NY Times Hates 'Embarrassing' Fox, Longs for Good Old Days of Three Networks

November 17th, 2019 9:30 PM

New York Times columnist Nicholas Kristof attacked the one network not pushing all-out for a Trump impeachment in the Sunday Review: “Is Fox ‘News’ Or Trump’s Bodyguard?” For the veteran liberal commentator, things were better during the Nixon impeachment period, when the three networks spouted the same brand of anti-Nixon corporate liberalism to an audience with few other news choices.

When President Richard Nixon’s Watergate misconduct was being dissected before congressional committees in 1973 and 1974, Republican support for him collapsed because most Americans shared news sources and inhabited a similar political reality.

In short, facts mattered.

Aides to Nixon did propose to him a plan to create sympathetic television news coverage; Roger Ailes backed the idea; and it eventually evolved into Fox News. And today Fox gives President Trump an important defense system that Nixon never had.


With Rep. Adam Schiff on the screen, Fox News’s graphic declared in all caps: “TRUMP HAS REPEATEDLY IMPLIED THAT SCHIFF HAS COMMITTED TREASON.” At a different moment, the screen warned: “9/26: SCHIFF PUBLICLY EXAGGERATED SUBSTANCE OF TRUMP-ZELENSKY CALL.”

CBS, NBC, and ABC were strident supporters of Bill Clinton during his 1998 impeachment, but that's not of import to Kristof. Fox News watchers are ignorant, Kristof discovered, through science:

Researchers have found that Fox News isn’t very effective at informing Americans. A 2012 study by Fairleigh Dickinson University reported that watching Fox News had “a negative impact on people’s current events knowledge.”

The study found that those who regularly watched Fox News actually knew less about both domestic and international issues than those who watched no news at all. N.P.R. listeners were particularly well-informed, the study found, but even people who got their news from a comedy program like “The Daily Show” -- or who had no news source whatsoever -- knew more about current events than Fox viewers.

However, using the study to bash Fox News was of dubious value since, as noted by The Hollywood Reporter writer Paul Bond:

....The average person getting their news from FNC answered 1.08 international questions correctly and 1.04 domestic questions correctly, both of which were lower than viewers of “no news.” Viewers of MSNBC scored next to last in international questions (also below “no news”) and third to last (ahead of “no news”) on the domestic questions. The study, though, didn’t actually identify people who got their news only from one source, so they used “multinomial logistic regression” to create representations of such people who were then compared “to a hypothetical construct of someone who had no recent news exposure.”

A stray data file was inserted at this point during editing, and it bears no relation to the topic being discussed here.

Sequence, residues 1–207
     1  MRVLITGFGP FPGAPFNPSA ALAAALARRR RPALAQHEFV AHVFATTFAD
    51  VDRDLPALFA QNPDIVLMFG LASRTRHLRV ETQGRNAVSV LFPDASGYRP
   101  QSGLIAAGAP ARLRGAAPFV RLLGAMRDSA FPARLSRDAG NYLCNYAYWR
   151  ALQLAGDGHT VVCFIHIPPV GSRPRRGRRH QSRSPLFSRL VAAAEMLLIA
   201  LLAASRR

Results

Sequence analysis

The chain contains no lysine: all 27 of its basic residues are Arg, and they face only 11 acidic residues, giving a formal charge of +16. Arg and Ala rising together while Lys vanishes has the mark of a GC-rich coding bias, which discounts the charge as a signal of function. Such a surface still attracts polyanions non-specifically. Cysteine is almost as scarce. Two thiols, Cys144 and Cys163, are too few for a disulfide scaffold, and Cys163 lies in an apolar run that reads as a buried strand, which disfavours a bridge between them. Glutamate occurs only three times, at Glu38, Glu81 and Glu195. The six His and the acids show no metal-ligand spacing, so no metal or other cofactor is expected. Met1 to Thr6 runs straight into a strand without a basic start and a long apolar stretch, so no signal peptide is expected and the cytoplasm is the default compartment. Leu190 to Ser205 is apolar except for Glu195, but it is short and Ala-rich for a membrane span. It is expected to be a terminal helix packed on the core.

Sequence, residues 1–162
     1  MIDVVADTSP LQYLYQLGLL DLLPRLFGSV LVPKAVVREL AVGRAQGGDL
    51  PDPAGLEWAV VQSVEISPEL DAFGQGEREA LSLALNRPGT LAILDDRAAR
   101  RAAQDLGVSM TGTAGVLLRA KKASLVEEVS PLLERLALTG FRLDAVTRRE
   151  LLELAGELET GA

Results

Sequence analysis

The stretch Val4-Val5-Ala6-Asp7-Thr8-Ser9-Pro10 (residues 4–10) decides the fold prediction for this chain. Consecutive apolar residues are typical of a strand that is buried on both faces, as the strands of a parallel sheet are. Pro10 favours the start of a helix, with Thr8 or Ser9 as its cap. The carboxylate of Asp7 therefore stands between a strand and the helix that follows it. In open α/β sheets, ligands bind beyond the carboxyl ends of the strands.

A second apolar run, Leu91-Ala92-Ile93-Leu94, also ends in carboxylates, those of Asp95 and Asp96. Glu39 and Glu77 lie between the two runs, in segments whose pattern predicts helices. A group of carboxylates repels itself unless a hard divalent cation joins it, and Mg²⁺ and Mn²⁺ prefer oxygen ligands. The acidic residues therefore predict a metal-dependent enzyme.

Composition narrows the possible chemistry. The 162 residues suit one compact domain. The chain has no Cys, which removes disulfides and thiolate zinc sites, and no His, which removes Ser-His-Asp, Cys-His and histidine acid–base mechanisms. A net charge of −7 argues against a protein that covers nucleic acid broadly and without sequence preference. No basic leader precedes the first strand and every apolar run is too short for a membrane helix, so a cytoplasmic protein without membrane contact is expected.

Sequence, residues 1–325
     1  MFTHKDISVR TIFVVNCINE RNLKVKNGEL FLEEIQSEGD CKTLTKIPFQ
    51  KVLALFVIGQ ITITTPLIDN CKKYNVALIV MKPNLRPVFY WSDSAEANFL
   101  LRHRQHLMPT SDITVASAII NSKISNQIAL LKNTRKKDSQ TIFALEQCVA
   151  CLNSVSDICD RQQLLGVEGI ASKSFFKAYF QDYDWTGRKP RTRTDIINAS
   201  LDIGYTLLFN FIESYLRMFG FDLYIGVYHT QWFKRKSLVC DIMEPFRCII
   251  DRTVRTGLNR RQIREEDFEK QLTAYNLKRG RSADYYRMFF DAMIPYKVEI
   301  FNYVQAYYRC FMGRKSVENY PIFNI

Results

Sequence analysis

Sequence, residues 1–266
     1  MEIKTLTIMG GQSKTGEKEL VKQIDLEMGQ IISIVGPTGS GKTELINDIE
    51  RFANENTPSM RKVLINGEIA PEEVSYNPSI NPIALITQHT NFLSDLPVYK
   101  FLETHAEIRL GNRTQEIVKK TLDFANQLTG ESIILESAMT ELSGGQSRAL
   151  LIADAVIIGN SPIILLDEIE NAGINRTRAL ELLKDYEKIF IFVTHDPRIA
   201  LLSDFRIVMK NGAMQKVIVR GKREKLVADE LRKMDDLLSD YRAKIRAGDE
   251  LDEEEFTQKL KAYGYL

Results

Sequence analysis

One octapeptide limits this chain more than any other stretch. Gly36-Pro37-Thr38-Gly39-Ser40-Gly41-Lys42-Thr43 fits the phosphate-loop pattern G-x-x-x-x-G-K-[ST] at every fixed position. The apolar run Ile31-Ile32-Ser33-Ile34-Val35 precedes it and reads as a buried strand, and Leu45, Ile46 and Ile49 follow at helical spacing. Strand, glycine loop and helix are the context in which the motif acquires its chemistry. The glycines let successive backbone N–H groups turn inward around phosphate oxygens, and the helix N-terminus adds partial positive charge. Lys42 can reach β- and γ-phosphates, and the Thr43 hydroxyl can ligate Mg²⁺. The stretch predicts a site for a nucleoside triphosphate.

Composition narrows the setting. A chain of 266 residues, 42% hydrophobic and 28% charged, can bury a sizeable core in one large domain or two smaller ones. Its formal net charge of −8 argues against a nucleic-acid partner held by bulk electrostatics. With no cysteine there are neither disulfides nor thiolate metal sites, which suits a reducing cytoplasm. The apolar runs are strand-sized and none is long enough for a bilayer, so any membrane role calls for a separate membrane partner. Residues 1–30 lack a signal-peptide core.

Kristof briefly admitted having “made countless mistakes in my career, and this newspaper makes them almost every day.” Then he harkened back to the Iraq War to bash the network.

....when Fox News anticipated that troops would be welcomed with flowers and that the war would pay for itself. Early in the invasion of Iraq in 2003, I spent a scary, violent day with U.S. troops, and that night we watched a feed of Fox News -- and our jaws dropped as commentators ridiculed critics of the invasion and blithely insisted that Iraqis were welcoming us as heroes. The troops and I looked at each other in astonishment.

That’s an interesting take from Kristof, given that he wrote more or less the same thing in a March 2011 column about the warm welcome received by U.S. troops in Libya after President Obama intervened to overthrow dictator Muammar Gaddafi: "Hugs From Libyans.”

Kristof showed his wacky if sincere belief that the federal bureaucracy should be responsible for every aspect of the lives of Americans, and any questioning of its infallibility is deadly:

The right-wing media bubble and its conspiracy theories can even be lethal. During the 2009-10 swine flu epidemic, Democrats and Republicans initially expressed roughly equal concern. But then conservative commentators denounced the Obama administration’s calls for vaccination as a nefarious plot. Glenn Beck, then of Fox News, warned that he would do “the exact opposite” of what the administration recommended.

As a result, Democrats in the end were 50 percent more likely to seek vaccination than Republicans, according to the Journal of Health, Politics and Law. Some 18,000 people died in that flu epidemic, so it seems logical that some died because they believed Fox News.

He concluded:

In the meantime, Fox News is aggressively defending Trump, joining in smears of public servants and playing a role in history that embarrasses many of us in journalism.

Speaking of “embarrassing” -- has Kristof read his own paper lately?